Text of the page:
Since 2018, the Gold Coast has secured some of the biggest national and international events around.

The Australian Gymnastics Championships – the height of competition for gymnastics in Australia – brought over a thousand young athletes and their teams to the Gold Coast Sports and Leisure Centre in May of this year, and will continue to do so for the next three years.

Coming up is the exciting Urban Sport Fest, which will bring action sports and music together in an Australian-first event. This must-do festival will feature the best BMX riders in the world, competing in a BMX Freestyle World Cup on Australian soil for the very first time.

BMX rider mid-air

Hold onto your tickets, because global superstar Harry Styles will blow the roof off Metricon Stadium when he graces the Gold Coast in February of 2023, while aviation fans should get ready to take flight in August of 2023 when Pacific Airshow, the largest airshow in the United States, heads to the Gold Coast for three days of family-friendly fun.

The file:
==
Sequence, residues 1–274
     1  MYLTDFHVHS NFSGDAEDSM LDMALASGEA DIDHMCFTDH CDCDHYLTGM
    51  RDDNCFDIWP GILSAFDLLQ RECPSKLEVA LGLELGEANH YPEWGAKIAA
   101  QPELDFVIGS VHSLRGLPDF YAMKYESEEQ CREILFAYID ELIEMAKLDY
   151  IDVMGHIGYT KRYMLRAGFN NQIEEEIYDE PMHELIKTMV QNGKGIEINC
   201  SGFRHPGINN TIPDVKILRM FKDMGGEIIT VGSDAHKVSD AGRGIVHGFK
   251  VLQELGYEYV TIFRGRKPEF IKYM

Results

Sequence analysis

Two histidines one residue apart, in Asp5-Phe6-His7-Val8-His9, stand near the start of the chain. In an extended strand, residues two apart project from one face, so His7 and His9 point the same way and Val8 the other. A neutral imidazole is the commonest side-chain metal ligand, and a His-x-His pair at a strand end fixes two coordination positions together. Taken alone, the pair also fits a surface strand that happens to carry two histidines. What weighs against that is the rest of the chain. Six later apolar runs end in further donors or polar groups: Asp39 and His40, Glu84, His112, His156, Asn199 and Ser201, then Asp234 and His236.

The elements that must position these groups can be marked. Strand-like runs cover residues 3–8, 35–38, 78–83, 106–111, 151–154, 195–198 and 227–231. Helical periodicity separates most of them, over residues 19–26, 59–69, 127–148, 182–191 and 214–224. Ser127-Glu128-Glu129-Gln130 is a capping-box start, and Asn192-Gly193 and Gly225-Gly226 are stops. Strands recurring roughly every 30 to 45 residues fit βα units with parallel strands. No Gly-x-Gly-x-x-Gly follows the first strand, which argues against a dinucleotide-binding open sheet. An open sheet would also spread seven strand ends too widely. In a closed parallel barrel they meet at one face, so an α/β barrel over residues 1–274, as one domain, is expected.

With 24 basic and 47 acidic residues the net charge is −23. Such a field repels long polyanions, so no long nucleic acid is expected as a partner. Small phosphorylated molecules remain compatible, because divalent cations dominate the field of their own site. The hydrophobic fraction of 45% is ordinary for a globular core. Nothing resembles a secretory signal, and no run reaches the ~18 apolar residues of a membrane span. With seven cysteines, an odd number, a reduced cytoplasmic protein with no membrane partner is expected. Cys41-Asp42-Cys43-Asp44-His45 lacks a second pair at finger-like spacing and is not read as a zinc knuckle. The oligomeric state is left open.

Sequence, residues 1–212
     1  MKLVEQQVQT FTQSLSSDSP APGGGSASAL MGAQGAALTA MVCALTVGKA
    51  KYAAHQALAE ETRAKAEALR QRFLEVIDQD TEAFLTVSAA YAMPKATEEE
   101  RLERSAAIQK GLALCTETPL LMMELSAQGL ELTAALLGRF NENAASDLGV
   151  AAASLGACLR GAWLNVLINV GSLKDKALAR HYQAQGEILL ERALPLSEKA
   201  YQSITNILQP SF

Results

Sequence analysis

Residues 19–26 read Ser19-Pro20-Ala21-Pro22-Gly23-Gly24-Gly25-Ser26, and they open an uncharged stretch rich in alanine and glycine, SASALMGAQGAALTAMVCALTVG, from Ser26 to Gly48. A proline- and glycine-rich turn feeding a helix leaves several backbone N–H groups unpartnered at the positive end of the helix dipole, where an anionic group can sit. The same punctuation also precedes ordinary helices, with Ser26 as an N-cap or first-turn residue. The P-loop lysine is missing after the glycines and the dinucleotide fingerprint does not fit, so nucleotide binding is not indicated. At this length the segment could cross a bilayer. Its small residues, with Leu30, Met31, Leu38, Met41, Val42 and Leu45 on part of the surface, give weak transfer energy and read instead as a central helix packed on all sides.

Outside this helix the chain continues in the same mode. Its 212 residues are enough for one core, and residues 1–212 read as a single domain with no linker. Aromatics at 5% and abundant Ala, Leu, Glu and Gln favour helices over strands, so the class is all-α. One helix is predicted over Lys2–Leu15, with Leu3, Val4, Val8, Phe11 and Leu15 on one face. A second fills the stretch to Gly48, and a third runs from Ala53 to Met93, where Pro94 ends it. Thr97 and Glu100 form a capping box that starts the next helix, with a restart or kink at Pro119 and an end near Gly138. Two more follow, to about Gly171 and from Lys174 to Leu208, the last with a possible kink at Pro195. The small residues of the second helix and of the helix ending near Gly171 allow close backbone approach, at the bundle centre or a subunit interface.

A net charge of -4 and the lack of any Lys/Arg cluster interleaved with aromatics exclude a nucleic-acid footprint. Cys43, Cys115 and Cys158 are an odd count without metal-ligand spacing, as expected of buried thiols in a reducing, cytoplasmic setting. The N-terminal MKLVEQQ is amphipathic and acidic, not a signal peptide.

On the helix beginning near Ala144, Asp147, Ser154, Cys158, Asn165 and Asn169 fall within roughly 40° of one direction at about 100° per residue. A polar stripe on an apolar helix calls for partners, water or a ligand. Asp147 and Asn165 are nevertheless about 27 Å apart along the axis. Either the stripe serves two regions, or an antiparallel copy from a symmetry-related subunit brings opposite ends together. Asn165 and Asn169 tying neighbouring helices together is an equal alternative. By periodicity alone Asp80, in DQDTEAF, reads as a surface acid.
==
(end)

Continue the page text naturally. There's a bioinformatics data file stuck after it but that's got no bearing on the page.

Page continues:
And surely there’s no better city to host the 2024 Life Saving World Championships and the 2023 World Bowls Championships, which are both coming up, amongst a host of other noteworthy sporting and cultural activations.

Surf Lifesaving Competition

Major Events Gold Coast continues to build on this legacy to grow our city’s annual major events calendar and attract visitors from across the country and overseas to the Gold Coast,” added Ms McCormick.

Sports economy and infrastructure

Constructed for use in the 2018 Commonwealth Games, the state-of-the-art Gold Coast Sports and Leisure Centre is a multipurpose venue with two indoor halls and 15 multisport courts capable of seating thousands of eager sports fans. During GC2018 it hosted a diverse range of events, from badminton to wrestling.

A sports centre next to an AFL Stadium